Many of us lose ourselves the minute we intuit that someone we love is having a need or desire of their own. We might start out anchored, but someone else’s waves can easily throw us off course. My client Maria, for example, has struggled to stay anchored in her own feelings. She says she used to “take the temperature” of her partner, waiting to gauge his behavior so that she could decide how to act. She hid her own feelings because she didn’t feel worthy enough to express them or have what she wanted.
I suggest that you affirm each morning that you’ll stay anchored in you. Take your own emotional temperature before anyone else’s. Ask yourself what you’re feeling and what you want. You’ll soon become more aware of yourself and better able to make yourself a priority.
Once you have an idea of how you’ve automatically acquiesced to your partner’s needs in the past, and you’re more aware of your own wants and needs, the practice begins of catching yourself in the act of deferring to others. If you’re in a romantic relationship, you can note when you do this with your partner. If not, check yourself with friends, family members, and coworkers.
My friend Rita says a former girlfriend complained, “We always do what you want to do!” Rita was stunned. She’d always assumed her friend agreed to her suggestions because she wanted to do the same thing. She would’ve been fine if it took them longer to find a movie or concert they both wanted to attend. But her friend felt she had to always agree to what Rita wanted. Then, she felt put upon, even though she never voiced her own desires to Rita.
So before you acquiesce, stop and ask yourself what you want. Are you truly OK with doing what the other person wants, or do you want to ask for something different? Then, practice stating what you’d prefer. Maybe your habit is to immediately ask, “Where would you like to have dinner?” Instead, try saying, “I’d like to try that Chinese restaurant tonight.” Now, if the other person hates Chinese food, this is a time when compromise would make sense. Contrary to popular opinion, taking your own needs into account doesn’t automatically mean you become rigid and dismissive of others. The goal is to take note of your own preferences, and speak up so you get what you want at least 50% of the time.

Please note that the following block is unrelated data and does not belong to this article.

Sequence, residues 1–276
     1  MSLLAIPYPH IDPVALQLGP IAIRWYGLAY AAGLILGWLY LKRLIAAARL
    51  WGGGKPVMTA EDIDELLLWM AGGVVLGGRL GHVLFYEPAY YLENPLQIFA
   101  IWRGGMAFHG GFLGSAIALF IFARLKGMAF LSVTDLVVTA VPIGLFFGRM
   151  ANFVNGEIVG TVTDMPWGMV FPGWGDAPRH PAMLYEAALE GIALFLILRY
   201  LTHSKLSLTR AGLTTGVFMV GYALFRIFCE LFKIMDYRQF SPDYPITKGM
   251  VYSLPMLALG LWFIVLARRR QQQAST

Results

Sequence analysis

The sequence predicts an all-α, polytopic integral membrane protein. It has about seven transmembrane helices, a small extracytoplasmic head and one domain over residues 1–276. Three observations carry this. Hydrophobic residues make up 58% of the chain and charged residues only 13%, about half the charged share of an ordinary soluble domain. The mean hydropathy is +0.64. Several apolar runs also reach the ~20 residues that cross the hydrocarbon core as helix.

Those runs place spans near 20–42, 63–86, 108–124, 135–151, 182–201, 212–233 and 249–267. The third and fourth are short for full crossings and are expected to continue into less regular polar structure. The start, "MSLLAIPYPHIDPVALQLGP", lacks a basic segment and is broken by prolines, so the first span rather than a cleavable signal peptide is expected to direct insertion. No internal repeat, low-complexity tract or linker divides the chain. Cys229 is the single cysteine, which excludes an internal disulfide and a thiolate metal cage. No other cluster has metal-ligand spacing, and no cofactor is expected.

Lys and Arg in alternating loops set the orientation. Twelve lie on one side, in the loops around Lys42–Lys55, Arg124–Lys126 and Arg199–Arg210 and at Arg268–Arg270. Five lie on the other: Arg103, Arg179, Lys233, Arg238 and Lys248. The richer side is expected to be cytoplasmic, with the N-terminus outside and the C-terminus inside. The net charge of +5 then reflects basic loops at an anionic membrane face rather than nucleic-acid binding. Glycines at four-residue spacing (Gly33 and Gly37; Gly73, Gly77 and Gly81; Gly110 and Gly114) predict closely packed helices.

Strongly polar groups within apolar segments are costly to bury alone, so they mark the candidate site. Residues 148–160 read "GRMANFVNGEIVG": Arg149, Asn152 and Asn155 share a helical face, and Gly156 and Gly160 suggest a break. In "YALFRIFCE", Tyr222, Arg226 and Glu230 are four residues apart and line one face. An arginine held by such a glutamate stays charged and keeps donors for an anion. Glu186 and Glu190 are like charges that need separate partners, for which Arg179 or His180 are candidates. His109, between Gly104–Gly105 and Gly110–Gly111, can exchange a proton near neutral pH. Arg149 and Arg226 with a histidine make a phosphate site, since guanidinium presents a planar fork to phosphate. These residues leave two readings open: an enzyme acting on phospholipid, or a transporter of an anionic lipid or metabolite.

If the topic is more important than choosing a movie or a restaurant, you might initiate the conversation by saying, “I notice what I want here is _______________, and I’m wondering what you want.” This might feel more vulnerable, but it’s honest, clear, and direct. It initiates a conversation in which you negotiate with each other and decide together what’s best. While you may end up compromising at the end of that conversation, avoid doing it if you feel strongly that you need the opposite of what’s proposed. Work toward putting yourself on equal footing with others.
If you’ve been the acquiescing one in the relationship up until now, this new, more self-honoring way of being may need some time to take root. It might feel uncomfortably forceful at first, even naming that you have needs and preferences. Some rigidity may even be necessary in order to overcome the expectation that you’ll always relent. But once you’re more comfortable stating what you want and making sure your needs are met, a balance will naturally be struck. It may be clunky in the beginning because you’re developing a new skill. It was certainly clunky for me. But you’ll get there, and I’m here to support you!
Over the past 6 years I’ve helped thousands of people make choices and take actions to stop self-sabotaging and start making themselves their FIRST priority! Now it’s YOUR turn! Be the first to know when The New Relationship Blueprint opens for enrollment, join the waitlist NOW!